EVP Evolves into the Discovery of the Ghost Box
EVP or electronic voice phenomena was discovered in the late 1950s and has become well known today thanks to numerous TV shows featuring ghost investigators using audio recorders to capture the voices of ghosts and spirits. More ghost hunters are embracing the two-way communication device called a ghost box (aka the Frank's Box). Following on the heels of the Spiricom, one of the first known, two-way communication devices used to bridge the gap between the earth realm and the spirit realm, the Frank’s Box was the first device that allowed ghost investigators to speak to the dead. Frank’s Box is a ghost box that produces random voltage to create raw, random or linear sweeping audio from an AM or FM tuner that is then amplified and sometimes fed into an echo chamber before being recorded. Ghost boxes, such as Frank’s box, create audio bits and white noise that ghosts and/or spirits can then use to bring forth words – real time two-way communication. Frank Sumption was the original inventor of the ghost box. He conceived of the idea by first experimenting with Stefan Bion’s EVPMaker software for EVP recording while also being inspired by an October 1995 Popular Electronics magazine article that asked, “Are the dead trying to communicate with us through electronic means? Try these experiments and see for yourself.” Today, Frank is still experimenting with various improvements to his ghost box design.
Today, most ghost boxes do not sweep the band randomly, but prefer linear sweeping of the AM or FM bands. That is not to say other bands, such as shortwave, weather, etc are not being experimented with by Frank and other Instrumental Transcommunication experimenters. Others since have developed their own ghost boxes, such as Paranormal System’s "MiniBox," Joe Cioppi’s “Joe’s Box” and the "PSB7 Spirit Box."
The Ghost Box: The Radio Shack Hack Discovery
In late 2007, another discovery was made by a retired electrical engineer known as Sum Duc. His find has been dubbed the “Radio Shack Hack.” Here is his story: “I was in Radio Shack looking for parts for a new type of device for ITC I’m currently working on. I saw the AM/FM 12-469 on the shelf and thought, ‘I bet I can make this work.’ I had no idea it would be so simple.”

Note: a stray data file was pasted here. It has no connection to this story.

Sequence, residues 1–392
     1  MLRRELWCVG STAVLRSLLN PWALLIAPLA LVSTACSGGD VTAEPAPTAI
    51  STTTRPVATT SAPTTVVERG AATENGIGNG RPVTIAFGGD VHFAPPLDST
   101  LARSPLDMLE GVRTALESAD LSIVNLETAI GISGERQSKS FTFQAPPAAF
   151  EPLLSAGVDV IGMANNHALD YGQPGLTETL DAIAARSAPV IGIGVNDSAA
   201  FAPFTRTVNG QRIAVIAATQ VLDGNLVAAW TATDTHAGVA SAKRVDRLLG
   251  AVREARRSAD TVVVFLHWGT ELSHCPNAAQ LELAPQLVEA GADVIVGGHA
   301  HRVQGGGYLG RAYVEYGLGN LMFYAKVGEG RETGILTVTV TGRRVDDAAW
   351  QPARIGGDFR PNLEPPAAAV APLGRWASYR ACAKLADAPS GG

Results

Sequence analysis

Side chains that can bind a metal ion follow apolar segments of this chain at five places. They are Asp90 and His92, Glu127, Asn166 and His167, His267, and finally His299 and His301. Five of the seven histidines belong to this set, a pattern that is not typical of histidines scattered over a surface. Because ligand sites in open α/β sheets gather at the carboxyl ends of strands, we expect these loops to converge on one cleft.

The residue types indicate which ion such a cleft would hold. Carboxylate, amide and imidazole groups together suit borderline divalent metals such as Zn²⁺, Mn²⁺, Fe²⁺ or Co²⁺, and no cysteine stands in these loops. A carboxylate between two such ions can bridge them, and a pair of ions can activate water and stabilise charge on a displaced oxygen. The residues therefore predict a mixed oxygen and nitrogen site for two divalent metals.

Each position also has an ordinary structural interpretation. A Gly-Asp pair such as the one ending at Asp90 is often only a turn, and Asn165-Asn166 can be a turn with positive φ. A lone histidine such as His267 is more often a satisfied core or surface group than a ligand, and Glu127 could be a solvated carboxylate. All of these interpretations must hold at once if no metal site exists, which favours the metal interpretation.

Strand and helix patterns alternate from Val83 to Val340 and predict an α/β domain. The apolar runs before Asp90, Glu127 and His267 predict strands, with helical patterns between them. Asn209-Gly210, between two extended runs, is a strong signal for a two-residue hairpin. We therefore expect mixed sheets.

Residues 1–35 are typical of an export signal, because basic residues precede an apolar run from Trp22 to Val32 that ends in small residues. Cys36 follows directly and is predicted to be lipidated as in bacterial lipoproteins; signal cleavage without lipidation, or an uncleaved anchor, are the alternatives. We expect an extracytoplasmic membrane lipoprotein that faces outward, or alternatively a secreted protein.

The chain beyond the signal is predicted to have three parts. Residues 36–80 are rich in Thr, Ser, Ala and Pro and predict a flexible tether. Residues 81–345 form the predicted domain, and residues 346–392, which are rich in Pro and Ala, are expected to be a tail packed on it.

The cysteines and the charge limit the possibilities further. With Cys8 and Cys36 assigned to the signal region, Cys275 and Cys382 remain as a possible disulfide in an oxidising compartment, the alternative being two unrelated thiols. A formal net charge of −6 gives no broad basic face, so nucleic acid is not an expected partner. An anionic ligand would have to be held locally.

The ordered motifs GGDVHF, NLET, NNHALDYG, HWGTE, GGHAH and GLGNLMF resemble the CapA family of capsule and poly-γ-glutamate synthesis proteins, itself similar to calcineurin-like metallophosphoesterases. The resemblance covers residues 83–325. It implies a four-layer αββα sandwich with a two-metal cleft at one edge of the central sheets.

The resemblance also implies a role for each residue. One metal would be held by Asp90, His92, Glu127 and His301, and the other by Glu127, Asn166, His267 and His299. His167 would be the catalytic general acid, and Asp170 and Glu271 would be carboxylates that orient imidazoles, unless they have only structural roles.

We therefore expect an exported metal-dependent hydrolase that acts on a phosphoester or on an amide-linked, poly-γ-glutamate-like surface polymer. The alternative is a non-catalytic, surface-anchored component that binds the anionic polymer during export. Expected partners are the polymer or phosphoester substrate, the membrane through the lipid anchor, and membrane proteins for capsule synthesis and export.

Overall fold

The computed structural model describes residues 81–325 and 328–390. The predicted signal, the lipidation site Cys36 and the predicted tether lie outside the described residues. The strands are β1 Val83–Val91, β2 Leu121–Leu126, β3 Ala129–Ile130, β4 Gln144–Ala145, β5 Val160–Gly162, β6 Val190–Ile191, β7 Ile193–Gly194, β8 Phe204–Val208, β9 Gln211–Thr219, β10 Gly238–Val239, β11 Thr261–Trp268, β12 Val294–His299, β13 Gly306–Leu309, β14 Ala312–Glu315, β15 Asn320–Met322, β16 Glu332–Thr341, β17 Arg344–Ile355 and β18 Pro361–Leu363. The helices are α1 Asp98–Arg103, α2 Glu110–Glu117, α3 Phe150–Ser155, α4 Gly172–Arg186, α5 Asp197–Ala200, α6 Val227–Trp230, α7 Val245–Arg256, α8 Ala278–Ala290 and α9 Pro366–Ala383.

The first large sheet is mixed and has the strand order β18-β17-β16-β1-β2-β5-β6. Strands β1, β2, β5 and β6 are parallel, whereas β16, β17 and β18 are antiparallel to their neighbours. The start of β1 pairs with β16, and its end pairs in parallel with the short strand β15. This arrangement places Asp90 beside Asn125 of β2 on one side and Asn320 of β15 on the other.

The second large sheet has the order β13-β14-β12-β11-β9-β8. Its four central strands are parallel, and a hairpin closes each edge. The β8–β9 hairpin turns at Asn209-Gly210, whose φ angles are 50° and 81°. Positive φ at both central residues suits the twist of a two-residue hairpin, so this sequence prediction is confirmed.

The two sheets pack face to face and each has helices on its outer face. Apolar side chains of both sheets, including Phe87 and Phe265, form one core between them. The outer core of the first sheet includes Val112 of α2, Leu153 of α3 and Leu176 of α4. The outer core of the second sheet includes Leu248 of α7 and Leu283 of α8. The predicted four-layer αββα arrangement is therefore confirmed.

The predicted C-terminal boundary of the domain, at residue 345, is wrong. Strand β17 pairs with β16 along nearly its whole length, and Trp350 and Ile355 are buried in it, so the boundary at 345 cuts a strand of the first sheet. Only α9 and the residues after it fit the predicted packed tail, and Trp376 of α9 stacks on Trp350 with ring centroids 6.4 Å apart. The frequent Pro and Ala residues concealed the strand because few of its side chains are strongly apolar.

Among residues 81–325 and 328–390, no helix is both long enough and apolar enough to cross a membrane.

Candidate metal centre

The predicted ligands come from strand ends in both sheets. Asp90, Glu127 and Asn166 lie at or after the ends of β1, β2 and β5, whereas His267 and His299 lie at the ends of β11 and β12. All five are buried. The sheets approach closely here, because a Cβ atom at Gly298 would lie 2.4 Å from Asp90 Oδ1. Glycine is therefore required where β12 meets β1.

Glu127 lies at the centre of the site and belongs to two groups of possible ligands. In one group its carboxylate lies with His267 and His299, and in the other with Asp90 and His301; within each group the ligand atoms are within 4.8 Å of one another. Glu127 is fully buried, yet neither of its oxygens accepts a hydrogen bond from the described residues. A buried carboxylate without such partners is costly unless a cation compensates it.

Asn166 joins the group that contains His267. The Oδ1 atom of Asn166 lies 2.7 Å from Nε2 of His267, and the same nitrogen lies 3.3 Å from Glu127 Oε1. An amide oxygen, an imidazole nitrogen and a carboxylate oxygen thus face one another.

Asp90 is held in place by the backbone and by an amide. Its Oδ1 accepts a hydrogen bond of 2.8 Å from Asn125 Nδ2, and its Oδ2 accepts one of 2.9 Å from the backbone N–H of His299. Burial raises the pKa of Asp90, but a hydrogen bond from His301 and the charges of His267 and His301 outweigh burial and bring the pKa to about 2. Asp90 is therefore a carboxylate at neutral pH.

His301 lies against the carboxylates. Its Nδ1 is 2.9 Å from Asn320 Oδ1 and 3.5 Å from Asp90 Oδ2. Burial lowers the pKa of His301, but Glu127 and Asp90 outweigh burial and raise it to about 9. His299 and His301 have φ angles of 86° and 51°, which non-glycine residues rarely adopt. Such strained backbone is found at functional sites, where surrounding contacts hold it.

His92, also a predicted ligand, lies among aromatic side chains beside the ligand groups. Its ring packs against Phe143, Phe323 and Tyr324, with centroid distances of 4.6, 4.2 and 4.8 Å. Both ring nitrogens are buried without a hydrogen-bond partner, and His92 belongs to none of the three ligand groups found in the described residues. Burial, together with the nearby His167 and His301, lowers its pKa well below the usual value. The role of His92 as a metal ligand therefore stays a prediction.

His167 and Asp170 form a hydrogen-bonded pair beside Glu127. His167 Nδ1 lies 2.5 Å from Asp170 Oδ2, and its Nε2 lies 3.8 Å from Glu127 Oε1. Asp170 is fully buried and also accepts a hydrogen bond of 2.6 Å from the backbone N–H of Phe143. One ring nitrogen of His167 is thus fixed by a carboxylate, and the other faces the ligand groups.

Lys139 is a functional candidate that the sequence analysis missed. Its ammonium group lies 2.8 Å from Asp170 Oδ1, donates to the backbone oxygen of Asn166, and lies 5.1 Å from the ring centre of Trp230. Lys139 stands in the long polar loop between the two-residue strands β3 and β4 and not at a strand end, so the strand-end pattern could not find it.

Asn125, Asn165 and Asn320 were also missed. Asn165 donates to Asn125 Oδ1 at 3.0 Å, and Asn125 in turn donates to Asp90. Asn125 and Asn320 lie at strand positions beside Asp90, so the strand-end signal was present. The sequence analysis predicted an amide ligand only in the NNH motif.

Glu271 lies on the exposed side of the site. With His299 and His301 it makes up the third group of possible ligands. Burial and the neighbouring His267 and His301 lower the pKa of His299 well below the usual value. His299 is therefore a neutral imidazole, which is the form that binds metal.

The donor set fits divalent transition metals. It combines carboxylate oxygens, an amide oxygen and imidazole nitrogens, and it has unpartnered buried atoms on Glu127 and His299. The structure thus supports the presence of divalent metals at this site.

Since that time, other researchers such as Mike Coletta have figured out how to alter the older version Radio Shack 12-470 AM/FM radio, too. Mike has posted many of his videos on YouTube to help others make their own ghost boxes. What has been great is the fact that so many have made their discoveries and research public, such as Frank Sumption, Joe Cioppi, Bruce Halliday, Steve Hultay, Sum Duc, Mike Coletta, and more. Steve Hultay has found numerous radios, over the years, that can be converted into a ghost box and still experiments as of this writing.
The ghost box can be used for EVP, as it can be recorded, then analyzed for messages from spirits and ghosts. However, what makes the ghost box unique is that it can be heard audibly through either an external speaker or headset, where responses from the other side can be heard and responded to live – not unlike chatting with someone by walkie-talkie. It does require the user to train his or her ear to hear the messages that are brought forth, as the noise and audio bits can at times be somewhat distracting. But if one experiments long enough with a ghost box, it will become apparent that the audio sound bites and white noise will begin to be manipulated to form answers to questions, phrases and more. For this reason alone, we recommend recording all sessions and listening to them later. Upon playback, one might be amazed at what is captured in the audio.
Today, there are commercial versions of the ghost box available such as the PSB-7. We believe the ghost box is here to stay thanks to Frank Sumption and others who have contributed to this unique communication device.